Talking Film With Lisa Boostani
Actually, I have never met Lisa in person. I discovered her on the Internet, on Instagram, where we find so many things these days. Lisa has one of those looks that is immediately striking—in the best way—and we’re so excited to share her style and vision with you today!
Describe yourself (where you are from, where you live, what you do).
I was born in Toulouse—in the south of France—and have Iranian-Spanish origins. I came to Paris in 2012 to attend the photography school of Gobelins. I have been working in the making of music videos, fashion and advertising films, and I also carry out a parallel personal work, where I set myself on stage, questioning and rethinking notions of identity, its modes of construction and representation.
What prompted you to pick a different creative path and do art and film?
I have always been fascinated by pictures and art in general. I began doing video and analogue photography at the age of 13. I was mostly experimenting with photo processing or trying things on video, mostly having fun. Since then, I have never stopped working in photography; I knew immediately that it was what I wanted to do.
Where does your desire to work with those “psychedelic” themes come from?
When I was a teenager, I used to work on my dreams. I was always fascinated by different possible dimensions; the idea of finding hidden truth was really exciting to me. I began an exploration of consciousness, studying the many aspects and layers of perception and exploring the altered state of being, like meditation, trance and dream, and wanted to transcribe it through my work.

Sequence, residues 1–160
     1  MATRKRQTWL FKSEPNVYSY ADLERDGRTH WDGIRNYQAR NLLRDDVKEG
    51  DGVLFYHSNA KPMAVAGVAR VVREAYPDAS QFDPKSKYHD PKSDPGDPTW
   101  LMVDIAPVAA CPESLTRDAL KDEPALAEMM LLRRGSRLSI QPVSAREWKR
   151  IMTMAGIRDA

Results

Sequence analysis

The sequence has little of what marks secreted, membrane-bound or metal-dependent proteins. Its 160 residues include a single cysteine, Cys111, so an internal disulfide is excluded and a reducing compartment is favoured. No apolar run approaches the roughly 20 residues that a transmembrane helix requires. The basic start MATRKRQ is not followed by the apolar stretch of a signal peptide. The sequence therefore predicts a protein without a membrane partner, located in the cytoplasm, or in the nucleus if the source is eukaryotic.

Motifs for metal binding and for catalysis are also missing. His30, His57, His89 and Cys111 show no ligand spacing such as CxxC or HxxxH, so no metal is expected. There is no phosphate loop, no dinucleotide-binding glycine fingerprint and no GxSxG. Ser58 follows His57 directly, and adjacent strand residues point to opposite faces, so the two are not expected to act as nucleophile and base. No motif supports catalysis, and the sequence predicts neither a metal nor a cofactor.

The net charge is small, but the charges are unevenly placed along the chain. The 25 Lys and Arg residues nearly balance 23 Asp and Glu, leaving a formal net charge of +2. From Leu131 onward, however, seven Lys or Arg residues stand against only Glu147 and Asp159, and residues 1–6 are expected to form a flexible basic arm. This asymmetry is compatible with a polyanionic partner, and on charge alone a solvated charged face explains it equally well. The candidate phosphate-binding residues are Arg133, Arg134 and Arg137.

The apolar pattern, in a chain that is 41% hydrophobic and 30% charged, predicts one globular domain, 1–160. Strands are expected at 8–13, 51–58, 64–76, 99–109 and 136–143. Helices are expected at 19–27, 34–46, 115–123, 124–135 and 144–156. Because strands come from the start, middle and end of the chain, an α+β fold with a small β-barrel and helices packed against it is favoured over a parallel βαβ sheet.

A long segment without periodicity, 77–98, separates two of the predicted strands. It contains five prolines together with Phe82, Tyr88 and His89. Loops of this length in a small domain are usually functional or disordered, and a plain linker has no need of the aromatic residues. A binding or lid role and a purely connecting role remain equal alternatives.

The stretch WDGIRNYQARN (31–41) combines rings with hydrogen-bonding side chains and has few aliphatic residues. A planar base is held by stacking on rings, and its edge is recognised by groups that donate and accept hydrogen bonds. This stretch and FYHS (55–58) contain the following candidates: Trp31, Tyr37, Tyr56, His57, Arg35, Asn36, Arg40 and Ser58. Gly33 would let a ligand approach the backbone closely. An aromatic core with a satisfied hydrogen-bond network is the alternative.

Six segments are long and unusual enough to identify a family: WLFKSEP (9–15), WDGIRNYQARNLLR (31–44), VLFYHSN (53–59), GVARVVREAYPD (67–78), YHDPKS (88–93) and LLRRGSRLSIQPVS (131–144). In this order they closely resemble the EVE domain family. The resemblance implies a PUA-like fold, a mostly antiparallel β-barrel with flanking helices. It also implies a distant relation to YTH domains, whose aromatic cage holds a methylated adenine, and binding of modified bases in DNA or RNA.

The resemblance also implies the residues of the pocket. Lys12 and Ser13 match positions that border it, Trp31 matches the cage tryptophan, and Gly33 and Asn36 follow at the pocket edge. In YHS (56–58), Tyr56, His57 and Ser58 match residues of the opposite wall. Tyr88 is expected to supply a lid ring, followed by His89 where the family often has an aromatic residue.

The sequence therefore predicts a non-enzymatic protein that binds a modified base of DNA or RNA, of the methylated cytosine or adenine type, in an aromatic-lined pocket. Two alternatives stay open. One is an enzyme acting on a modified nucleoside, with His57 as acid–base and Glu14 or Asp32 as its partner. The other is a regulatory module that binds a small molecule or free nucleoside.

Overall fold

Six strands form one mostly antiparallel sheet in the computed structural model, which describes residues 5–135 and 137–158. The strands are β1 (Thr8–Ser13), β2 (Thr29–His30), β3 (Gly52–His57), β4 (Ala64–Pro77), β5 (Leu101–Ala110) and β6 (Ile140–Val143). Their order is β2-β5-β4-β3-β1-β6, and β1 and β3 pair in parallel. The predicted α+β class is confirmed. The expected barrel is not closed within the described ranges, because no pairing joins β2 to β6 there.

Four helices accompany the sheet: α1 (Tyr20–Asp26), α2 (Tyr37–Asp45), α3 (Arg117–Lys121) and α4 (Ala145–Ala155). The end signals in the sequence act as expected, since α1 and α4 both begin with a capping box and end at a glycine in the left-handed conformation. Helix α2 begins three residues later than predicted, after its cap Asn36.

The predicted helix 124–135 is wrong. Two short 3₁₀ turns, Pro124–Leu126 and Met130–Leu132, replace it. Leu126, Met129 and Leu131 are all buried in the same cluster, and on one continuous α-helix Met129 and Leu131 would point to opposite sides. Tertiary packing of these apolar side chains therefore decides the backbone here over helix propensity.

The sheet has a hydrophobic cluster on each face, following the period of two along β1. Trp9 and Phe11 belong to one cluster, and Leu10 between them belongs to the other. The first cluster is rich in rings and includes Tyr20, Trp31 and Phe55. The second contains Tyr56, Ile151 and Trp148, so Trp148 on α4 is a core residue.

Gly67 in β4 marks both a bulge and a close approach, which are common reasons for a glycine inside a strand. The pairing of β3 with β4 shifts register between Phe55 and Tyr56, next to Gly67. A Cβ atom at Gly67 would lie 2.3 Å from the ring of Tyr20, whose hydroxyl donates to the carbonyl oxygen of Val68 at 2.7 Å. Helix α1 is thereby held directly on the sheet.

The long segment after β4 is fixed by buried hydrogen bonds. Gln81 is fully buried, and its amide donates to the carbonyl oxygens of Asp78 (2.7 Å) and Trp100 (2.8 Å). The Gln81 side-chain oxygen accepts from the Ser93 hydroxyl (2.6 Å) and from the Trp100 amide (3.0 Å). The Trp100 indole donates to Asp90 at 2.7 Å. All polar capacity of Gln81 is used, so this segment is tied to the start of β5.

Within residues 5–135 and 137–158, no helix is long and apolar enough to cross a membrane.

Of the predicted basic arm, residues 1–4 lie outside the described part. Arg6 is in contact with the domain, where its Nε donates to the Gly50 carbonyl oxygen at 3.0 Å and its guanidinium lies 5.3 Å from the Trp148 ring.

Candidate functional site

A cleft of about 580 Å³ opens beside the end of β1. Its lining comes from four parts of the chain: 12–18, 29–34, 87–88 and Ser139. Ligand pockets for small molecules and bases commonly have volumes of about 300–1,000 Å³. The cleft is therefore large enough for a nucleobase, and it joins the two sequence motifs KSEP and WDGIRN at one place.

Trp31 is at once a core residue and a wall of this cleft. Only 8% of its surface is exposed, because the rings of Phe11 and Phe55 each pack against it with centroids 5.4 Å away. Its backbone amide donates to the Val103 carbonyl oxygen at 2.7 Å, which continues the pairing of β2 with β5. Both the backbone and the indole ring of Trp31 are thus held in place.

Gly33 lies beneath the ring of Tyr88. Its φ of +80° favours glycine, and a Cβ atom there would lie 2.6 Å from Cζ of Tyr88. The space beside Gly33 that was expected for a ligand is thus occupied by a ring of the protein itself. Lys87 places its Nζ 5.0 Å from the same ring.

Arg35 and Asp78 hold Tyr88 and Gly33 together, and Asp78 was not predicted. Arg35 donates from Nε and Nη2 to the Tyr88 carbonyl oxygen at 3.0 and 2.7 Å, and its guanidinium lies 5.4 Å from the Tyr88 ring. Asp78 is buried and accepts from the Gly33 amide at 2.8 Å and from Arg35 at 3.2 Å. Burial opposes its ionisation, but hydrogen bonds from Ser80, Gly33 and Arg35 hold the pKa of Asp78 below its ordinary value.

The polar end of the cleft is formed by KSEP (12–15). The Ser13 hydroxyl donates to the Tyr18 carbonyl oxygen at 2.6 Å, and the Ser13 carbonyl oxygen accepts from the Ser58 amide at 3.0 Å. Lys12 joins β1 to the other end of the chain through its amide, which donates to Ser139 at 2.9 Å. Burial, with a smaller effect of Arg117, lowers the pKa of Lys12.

Which artists and filmmakers inspire you the most?
My first big inspiration has been by the surrealist and dada movement, with artists like Luis Buñuel, Maya Deren, Claude Cahun and René Magritte. At the same time, I was really fascinated by the impulse of freedom of the psychedelic sixties and the explorations of consciousness. I love filmmakers like David Lynch, Gus Van Sant, Jim Jarmusch, Michelangelo Antonioni, Wim Wenders, Bong Joon-ho and Yorgos Lanthimos. I also really appreciate the works of Cindy Sherman as well as Elsa von Freytag-Loringhoven.
Does the place you live in affect your creative process? Are there particular places that inspire you the most?
The environment affects a lot of the creative process. I feel more inspired when I’m in close contact with nature, in a peaceful environment where I have time and space to settle down. India is probably one of the most inspiring experiences I have had; everything—from the colours and smells to the sounds of nature—is made to awaken our senses.
Where does your sense of fashion and style come from and does your work ever influence it?
For me, fashion is fun; it reveals certain aspects of our personality and allows us to embody special characters. I experience it a lot in my videos when I set myself on stage. I like to play with codes and archetypes to reframe the mythical into humorous and absurd self-derision and fantasy.
Photographer: Fiona Torre